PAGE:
Afterwards, one of the church leaders said “I never gave much thought to missions before. In all truth, I didn’t think it was very important, but you have opened my eyes.” Another person asked, “Do you really think it’s possible for us Latinos to be involved in missions?”, “For sure!” I answered. “We have several Peruvian missionaries with SIM as we speak!” What a great opportunity. Thank you, God.
The venue at 2:37 pm. It was scheduled to start at 2:30 pm!
Ready to go at 3:14 pm!
Yesterday, we invited our missionary team to our home for Thanksgiving Dinner. It was our first time as a couple to host a big dinner and our marriage survived. It must have looked tenuous for a moment as one missionary even asked us how we dealt with conflict as she watched us work together getting broth out of the turkey bag to make gravy. (Good Gravy, Batman!) Actually, we were a good team getting dinner on the table. We bought an 8.0 kg turkey (they're about $25, if you were wondering) which was enough for the 21 people that were present. We would have had more leftovers if more of the 8.0 kg had been meat and less had been feet (or head)! This one came with 4 of them! We still have so much to be thankful to God for!
This summer, Medical Ministries International of Peru bought a property to build a clinic for their physical therapy, optical and dental ministries. I sit on their board of directors. Before we can build the clinic, we need to design one that will have room for everything we desire and fit it in a 470 square-meter lot. On October 10th, I was reading the Christian Medical and Dental Association's E-Pistle newsletter and there was a notice that a semi-retired architect named Ken Gray was offering his services to ministries around the world. I quickly wrote him and told him the general characteristics of the project and he said he'd like to help us! Monday he arrived and since then has toured our current rented facilities and seen our new property. He has been making lots of measurements and looking at how similar projects have been done in Arequipa. Today, we went to a physical therapy clinic for disabled children that had an exercise pool, but they don't use it because the plumbing doesn't work. The person who built it designed it poorly and it can't be drained without calling the fire department to bring in their water pumps. Story is, the builder took the money he was paid and disappeared!
I guess we don't have to worry about Ken taking the money and disappearing, since he is doing this project for free as a ministry! Pray that the final design will fit in space for all of the ministries we want in the land area that we have.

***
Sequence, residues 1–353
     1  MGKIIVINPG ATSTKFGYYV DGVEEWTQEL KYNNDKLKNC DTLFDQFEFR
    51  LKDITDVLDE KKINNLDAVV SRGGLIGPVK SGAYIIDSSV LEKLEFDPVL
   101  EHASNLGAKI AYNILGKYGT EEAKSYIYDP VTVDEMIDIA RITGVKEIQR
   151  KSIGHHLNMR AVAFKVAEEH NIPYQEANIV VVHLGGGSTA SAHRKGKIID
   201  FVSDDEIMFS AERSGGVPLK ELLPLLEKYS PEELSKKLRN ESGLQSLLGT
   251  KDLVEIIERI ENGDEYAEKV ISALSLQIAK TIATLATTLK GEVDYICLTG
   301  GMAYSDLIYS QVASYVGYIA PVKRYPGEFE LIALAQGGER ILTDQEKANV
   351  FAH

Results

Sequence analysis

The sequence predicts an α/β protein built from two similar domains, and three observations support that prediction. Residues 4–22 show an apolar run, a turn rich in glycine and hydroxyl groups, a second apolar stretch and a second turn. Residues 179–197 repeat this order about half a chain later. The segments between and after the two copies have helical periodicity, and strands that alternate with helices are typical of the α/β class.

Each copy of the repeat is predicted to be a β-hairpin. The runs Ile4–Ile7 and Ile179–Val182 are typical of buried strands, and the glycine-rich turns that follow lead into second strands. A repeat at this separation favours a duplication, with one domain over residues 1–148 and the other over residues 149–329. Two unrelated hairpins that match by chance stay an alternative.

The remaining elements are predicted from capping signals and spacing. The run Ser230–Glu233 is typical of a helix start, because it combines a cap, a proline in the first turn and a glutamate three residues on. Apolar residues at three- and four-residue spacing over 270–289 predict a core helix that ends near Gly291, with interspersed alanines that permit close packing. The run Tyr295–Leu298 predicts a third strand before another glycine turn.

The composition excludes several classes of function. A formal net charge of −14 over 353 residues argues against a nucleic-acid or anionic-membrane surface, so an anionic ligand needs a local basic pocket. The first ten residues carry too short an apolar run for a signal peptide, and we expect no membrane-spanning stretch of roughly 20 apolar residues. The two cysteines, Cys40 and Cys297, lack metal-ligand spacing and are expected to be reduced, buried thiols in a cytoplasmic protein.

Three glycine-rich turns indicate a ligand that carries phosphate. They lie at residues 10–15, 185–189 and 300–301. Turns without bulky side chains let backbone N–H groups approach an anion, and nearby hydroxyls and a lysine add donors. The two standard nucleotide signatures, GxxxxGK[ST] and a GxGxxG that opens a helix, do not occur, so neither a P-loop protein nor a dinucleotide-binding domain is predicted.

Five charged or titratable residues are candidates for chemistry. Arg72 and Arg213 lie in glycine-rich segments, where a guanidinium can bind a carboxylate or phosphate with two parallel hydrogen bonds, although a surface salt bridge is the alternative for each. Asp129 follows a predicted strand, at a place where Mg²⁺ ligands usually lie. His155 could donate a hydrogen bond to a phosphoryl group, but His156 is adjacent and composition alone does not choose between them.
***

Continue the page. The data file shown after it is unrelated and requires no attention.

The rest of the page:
Many of you have been praying for the women's retreat that Mary Beth organized and directed yesterday and the day before. She chose the date because it is a holiday and several women assured her that it wouldn't hurt the turn out. But a few days before the event, the woman in charge of promoting the event told Mary Beth that there was only one woman signed up! Yesterday was November 1st, which is the Day of the Dead, a holiday seriously observed by people in latin cultures, so many decided that they wouldn't be able to come to the retreat. Mary Beth requested prayer and by the end, 29 women attended, if one includes the couselors and speakers. I could tell watching from the sidelines that they had had a great time!
They had a knitting workshop.
And dress-up time!
Last Saturday, we started a chess club at our church. I had some nice flyers printed up that we handed out at the nearby high school that invited the kids to come. The time was listed as between 3 and 4 pm. Only three youth came during the advertised hour, but another five came after we were already putting away things. I hoped that the late kids would come on time this week, but only a total of four came. My hope is to see youth coming each week for chess club and make friends and become comfortable enough being in the church to come to the youth group and church services. I share a short devotional each week, trying to make comparisons of chess with concepts of Christianity.
In the past, I've wanted to enter an obstacle course race, but there has never been one that fit my schedule. Since they are growing in popularity in Peru I might get my chance, but for now I'll just have medical campaigns.
Today we had a medical campaign in a poor part of Arequipa. When I arrived, the community building where we were going to see patients was locked and no one could find the keys. We considered seeing patients outside and started setting up the equipment. I noticed that the window to the bathroom was open. "Can't we just go in through there?" I asked. "No, the inside door will be locked too," was the reply from David the one directing the event. When he wasn't looking, I pulled myself up to look into the window and could see a large stack of chairs greeting me on the inside. Since it was the bathroom, I could easily hold onto the top edge of the stall and crawl down. Thankfully, the door wasn't locked and I could let everyone in to have our clinic.